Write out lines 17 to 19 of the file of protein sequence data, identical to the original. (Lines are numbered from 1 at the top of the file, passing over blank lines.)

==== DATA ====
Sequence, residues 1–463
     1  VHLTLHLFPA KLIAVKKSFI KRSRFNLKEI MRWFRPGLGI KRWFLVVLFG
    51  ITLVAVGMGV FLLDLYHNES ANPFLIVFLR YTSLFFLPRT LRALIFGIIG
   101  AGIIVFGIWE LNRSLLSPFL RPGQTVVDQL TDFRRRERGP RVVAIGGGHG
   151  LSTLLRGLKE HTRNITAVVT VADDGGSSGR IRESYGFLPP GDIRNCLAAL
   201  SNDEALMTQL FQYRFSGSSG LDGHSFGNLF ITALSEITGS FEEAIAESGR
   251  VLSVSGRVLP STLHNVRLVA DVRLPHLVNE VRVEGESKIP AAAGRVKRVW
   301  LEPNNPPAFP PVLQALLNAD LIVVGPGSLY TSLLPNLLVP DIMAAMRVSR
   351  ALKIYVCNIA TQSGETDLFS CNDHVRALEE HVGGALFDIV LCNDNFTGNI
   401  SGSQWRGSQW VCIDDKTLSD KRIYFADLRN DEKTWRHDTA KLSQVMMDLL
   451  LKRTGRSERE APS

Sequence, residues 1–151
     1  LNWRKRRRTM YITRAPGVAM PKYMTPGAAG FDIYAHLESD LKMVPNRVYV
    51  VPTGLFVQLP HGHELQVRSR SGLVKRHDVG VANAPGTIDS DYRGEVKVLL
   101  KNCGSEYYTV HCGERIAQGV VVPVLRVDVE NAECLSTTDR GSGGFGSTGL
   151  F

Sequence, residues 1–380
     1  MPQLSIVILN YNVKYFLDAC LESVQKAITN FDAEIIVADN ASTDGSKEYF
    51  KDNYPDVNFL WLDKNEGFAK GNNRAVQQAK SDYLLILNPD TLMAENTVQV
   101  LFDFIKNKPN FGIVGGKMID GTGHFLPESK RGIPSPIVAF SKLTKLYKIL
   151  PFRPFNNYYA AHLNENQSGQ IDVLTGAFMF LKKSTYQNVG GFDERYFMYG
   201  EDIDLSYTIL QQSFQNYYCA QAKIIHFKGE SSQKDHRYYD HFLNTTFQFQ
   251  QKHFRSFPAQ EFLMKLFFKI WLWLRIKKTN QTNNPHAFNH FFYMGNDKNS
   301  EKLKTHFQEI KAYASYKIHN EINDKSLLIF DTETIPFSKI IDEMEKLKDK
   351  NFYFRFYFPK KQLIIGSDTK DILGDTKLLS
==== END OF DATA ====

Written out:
Sequence, residues 1–380
     1  MPQLSIVILN YNVKYFLDAC LESVQKAITN FDAEIIVADN ASTDGSKEYF
    51  KDNYPDVNFL WLDKNEGFAK GNNRAVQQAK SDYLLILNPD TLMAENTVQV